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Re: [ontolog-forum] Foundation ontology, CYC, and Mapping

To: "[ontolog-forum] " <ontolog-forum@xxxxxxxxxxxxxxxx>
From: Christopher Menzel <cmenzel@xxxxxxxx>
Date: Mon, 15 Mar 2010 13:32:11 -0500
Message-id: <60758001-72F0-4B95-9B19-67CF44044681@xxxxxxxx>
On Mar 15, 2010, at 12:05 PM, Cory Casanave wrote:
> I look forward to the full report (and hope you will continue to post on
> the architecture ecosystem).
> One comment, re: Adding a contradiction to any consistent theory causes
> it to degenerate to the absurd theory.
> One pragmatic reality of architectural work is that theories do not agree. 
>Particularly in the realm of business related modeling there are clearly 
>different interpretations and opinions about the same thing.  So we have 
>seemingly conflicting theories but we agree that the theories describe the 
>same entities that exist or may exist. Such conflicting theories are normal 
>and even desirable in our discourse.    (01)

Absolutely.    (02)

> One capability that a knowledge technology should be able to provide is the 
>identification of these conflicts and the source of assertions and conflicts.    (03)

Yes, that is one thing that one hopes to get out of (among other things) the 
use of automated reasoning tools.    (04)

> One thing that this requires is the ability to assert that 2 symbols 
>represent the same entities or concepts, yet may make very different (and 
>perhaps conflicting) assertions about these entities. In the OWL world, sameAs 
>is frequently used for this, but sameAs seems to strong a commitment.    (05)

There is nothing that I can see in the semantics of "owl:sameAs" that would 
enable it to be used to indicate that two different symbols "may make very 
different (and perhaps conflicting) assertions" about about their denotations.  
From the OWL reference document:  "owl:sameAs is used to state that two URI 
references refer to the same individual."  If, in fact, two URI references are 
used to say things that cannot be true of one and the same thing, then 
declaring one to be "owl:sameAs" the other will simply lead to logical 
inconsistency, i.e., absurdity, full stop.  The only way to avoid it is to 
withdraw the assertion or alter what is said about the individual in question 
by means of those URI references.    (06)

> EquivelentClass is closer,...    (07)

I don't see how.  "<A owl:equivalentClass B>" means nothing more or less than 
that the classes A and B (or, if you like, the classes referred to by the names 
"A" and "B") have the same members.  Again, there is nothing there that could 
be exploited to indicate that "very different (and perhaps conflicting)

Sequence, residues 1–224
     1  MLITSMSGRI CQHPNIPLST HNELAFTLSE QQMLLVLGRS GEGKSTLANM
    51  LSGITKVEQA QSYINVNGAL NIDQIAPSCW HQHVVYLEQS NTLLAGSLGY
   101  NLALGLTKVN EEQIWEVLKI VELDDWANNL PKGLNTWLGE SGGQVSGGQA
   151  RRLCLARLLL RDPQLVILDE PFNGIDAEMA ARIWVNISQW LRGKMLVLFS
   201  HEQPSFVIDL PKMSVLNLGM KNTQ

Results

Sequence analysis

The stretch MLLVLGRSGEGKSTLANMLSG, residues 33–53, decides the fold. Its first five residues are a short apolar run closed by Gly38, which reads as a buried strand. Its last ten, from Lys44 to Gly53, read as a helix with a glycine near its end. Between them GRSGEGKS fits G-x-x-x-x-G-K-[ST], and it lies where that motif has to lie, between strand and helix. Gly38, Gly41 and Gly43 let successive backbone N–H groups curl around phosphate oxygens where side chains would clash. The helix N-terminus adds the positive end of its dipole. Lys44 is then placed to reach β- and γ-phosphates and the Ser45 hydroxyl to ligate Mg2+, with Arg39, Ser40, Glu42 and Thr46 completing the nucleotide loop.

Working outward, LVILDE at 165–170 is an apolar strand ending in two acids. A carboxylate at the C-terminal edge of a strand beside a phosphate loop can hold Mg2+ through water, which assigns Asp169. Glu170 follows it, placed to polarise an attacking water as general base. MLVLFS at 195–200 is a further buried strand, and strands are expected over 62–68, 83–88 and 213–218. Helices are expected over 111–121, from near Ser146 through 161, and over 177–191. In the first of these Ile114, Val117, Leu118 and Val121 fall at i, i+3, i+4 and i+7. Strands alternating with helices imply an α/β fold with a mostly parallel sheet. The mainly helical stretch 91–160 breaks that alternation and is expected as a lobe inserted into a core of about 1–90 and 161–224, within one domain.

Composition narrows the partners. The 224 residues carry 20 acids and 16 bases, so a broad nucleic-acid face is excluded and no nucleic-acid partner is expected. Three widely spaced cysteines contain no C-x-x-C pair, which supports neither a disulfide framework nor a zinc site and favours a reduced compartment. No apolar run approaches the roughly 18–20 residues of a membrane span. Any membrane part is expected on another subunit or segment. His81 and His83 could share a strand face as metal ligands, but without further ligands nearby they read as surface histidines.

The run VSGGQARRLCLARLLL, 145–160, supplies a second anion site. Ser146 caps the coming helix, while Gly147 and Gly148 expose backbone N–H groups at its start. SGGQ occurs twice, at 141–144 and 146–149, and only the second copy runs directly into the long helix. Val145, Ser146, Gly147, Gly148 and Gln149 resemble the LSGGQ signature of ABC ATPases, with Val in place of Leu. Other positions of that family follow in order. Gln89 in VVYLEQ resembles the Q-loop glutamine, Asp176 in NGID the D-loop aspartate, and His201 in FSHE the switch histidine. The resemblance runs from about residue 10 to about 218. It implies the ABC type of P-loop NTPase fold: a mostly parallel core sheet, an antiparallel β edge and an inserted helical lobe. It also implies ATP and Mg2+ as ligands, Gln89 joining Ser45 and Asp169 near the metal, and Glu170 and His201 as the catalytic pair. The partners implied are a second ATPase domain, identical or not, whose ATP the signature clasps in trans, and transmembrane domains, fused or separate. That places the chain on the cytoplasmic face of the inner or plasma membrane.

assertions" are being made using those names.    (08)

> In summary, when using ontologies to represent architectures we should 
>embrace conflict ...    (09)

I think there is an important ambiguity here.  One should certainly "embrace 
conflict" in the sense that one should acknowledge the fact that there 
different outlooks and opinions and that dialog between communities with 
different outlooks and opinions can lead to rich and fruitful results.  One 
should certainly *not* embrace conflict in the sense of allowing logical 
inconsistency within an ontology.    (010)

> and not consider conflicting theories as absurd.    (011)

Are you suggesting someone has?  No one has suggested that, if T1 and T2 are 
*jointly* absurd (i.e., if their union is logically inconsistent), then T1 and 
T2 are *individually* absurd.  The only that would be absurd would be to merge 
incompatible theories without resolving the conflict (which, as you note, might 
require dialog between the advocates of the theories).    (012)

> Conflict is an indication of differing opinions and interpretations, both 
>normal and expected conditions of dialog.      (013)

Of course.    (014)

> This differs from the logical or mathematical pragmatics where any 
>inconsistency is an error.    (015)

I'm not certain what you mean by "logical or mathematical pragmatics" but in 
any context "error" is a psychological notion that is of at most sociological, 
historical, or legal significance.  The only important point for purposes here, 
it seems to me, is that, in any context, logical inconsistency ("absurdity" in 
John's technical sense) is something that must be avoided in one's final 
product and removed (as far as possible) if detected.  This is all quite 
compatible with your entirely correct remarks about the reality of diverse 
outlooks and opinions, the importance of dialog in resolving conflict, etc etc.    (016)

Chris Menzel    (017)

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